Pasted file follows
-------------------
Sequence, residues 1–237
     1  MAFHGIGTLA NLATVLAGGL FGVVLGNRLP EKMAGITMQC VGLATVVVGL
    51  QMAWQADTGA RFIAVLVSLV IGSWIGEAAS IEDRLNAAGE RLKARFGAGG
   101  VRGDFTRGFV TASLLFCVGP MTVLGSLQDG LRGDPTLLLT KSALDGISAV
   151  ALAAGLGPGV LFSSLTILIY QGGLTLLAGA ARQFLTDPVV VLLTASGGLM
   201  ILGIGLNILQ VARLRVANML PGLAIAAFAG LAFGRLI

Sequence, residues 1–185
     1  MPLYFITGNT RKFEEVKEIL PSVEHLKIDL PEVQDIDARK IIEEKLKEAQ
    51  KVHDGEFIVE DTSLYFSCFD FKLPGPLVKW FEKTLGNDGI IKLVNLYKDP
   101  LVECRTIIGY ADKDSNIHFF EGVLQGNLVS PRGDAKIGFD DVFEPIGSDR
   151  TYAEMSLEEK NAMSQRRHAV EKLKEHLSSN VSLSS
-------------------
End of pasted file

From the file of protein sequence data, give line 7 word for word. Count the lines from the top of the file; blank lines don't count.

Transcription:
Sequence, residues 1–185